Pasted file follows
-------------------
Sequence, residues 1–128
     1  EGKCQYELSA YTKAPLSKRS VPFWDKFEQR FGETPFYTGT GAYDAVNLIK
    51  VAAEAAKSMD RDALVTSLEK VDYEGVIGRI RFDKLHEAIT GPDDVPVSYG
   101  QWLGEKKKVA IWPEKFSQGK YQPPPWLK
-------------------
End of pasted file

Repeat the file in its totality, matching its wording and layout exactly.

Sequence, residues 1–128
     1  EGKCQYELSA YTKAPLSKRS VPFWDKFEQR FGETPFYTGT GAYDAVNLIK
    51  VAAEAAKSMD RDALVTSLEK VDYEGVIGRI RFDKLHEAIT GPDDVPVSYG
   101  QWLGEKKKVA IWPEKFSQGK YQPPPWLK